After reviewing the video, I had a much better understanding of Deming’s 14 principles. Throughout the viewing, I found that although Deming’s principles, when implemented, can bring great return, it is also a very timely process that requires every individual in an organization to be a catalyst of change.
All together, these principles represent a philosophy of life. They can be implemented in an organization, as well as one’s personal life—as they gave the example of a woman who started using the principles in her marriage to turn her competition with her husband into cooperation.
To summarize Deming’s principles in the best possible way, I will go through each one of them and also discuss whether or not my company follows his principles.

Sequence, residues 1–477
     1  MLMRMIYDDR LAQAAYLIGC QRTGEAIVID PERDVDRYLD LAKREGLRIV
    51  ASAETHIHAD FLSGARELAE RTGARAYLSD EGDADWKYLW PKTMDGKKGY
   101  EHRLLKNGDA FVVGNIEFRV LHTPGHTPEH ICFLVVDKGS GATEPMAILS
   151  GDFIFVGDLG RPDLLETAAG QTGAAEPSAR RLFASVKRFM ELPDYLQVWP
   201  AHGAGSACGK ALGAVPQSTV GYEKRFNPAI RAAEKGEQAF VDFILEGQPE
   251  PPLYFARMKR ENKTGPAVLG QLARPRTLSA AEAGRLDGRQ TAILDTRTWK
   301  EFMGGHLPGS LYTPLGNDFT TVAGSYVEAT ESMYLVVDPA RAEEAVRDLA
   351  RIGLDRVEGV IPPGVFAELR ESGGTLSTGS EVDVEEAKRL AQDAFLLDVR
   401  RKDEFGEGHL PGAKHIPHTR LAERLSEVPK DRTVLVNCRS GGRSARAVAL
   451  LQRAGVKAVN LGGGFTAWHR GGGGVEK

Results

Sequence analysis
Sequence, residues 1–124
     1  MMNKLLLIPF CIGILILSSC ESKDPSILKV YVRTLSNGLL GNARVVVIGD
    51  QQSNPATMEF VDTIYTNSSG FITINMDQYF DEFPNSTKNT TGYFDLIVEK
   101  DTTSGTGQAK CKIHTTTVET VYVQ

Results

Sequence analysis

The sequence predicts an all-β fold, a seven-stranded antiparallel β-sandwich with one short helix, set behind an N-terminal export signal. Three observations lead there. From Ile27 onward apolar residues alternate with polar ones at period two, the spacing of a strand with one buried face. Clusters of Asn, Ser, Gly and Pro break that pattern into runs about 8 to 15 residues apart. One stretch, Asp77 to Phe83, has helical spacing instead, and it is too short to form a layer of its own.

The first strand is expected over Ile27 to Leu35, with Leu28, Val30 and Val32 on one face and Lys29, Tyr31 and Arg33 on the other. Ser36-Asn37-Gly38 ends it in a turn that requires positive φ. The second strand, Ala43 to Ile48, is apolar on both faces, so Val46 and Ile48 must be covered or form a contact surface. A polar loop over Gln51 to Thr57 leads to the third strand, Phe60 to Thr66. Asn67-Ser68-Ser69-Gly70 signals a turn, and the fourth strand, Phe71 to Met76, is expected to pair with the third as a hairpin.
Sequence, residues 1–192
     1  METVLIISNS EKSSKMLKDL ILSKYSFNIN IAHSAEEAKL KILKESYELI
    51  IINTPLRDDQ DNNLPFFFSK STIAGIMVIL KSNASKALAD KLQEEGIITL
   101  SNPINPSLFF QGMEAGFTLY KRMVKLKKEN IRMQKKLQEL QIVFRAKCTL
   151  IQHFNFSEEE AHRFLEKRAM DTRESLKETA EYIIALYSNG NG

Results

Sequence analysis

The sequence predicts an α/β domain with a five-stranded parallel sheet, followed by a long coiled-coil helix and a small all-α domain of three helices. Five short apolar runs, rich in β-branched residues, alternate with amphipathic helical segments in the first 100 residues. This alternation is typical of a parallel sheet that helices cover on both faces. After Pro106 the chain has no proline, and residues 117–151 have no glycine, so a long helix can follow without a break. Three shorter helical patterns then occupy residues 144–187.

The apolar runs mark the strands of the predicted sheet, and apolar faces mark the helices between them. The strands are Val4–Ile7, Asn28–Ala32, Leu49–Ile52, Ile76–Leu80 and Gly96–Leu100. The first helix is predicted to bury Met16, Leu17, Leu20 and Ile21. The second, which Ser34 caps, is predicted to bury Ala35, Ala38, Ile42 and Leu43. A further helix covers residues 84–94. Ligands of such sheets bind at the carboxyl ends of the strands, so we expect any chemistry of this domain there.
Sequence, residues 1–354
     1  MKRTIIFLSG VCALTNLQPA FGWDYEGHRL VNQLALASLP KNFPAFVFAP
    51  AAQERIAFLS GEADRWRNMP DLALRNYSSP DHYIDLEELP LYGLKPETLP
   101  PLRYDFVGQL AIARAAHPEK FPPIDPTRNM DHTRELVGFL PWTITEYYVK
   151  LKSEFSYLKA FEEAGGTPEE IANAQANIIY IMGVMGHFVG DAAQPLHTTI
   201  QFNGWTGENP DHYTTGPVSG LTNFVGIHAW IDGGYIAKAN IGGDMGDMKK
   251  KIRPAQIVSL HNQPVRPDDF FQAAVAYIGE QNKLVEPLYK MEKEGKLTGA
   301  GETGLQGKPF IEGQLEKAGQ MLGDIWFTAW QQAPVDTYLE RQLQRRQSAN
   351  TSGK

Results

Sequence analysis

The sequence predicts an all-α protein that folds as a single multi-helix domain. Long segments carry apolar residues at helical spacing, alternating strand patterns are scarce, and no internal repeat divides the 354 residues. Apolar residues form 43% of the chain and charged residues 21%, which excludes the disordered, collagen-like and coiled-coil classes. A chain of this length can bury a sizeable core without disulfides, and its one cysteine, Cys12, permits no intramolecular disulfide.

* “Create constancy of purpose.” In order to create a constancy of purpose, we must be able to answer the fundamental questions of ‘what we do’, ‘who we are’, and ‘why we do what we do?’. Only once when we answer these questions, we will be looking into the big picture and making strategic decisions for our future, rather than the short time.
As we discussed in class, many times, CEOs decide to outsource certain functions due to the short-term gain. We justify this by saying that it will bring return to our stakeholders, but don’t quite realize the long-term repercussions. In my company, we seem to answer these questions successfully and think “big picture” as we make decisions that’ll affect our future.
* “Everybody wins.” This principle means that in order for everybody to “win,” they must be involved in the change. Organizations must teach these philosophies to everyone from their suppliers to customers. Only cooperation will be to everybody’s benefit.
At AACSB, this is not always the case. I find that sometimes employees are just told about the changes without being asked for input. In a mostly top-down approach, changes usually trickle down and we’re...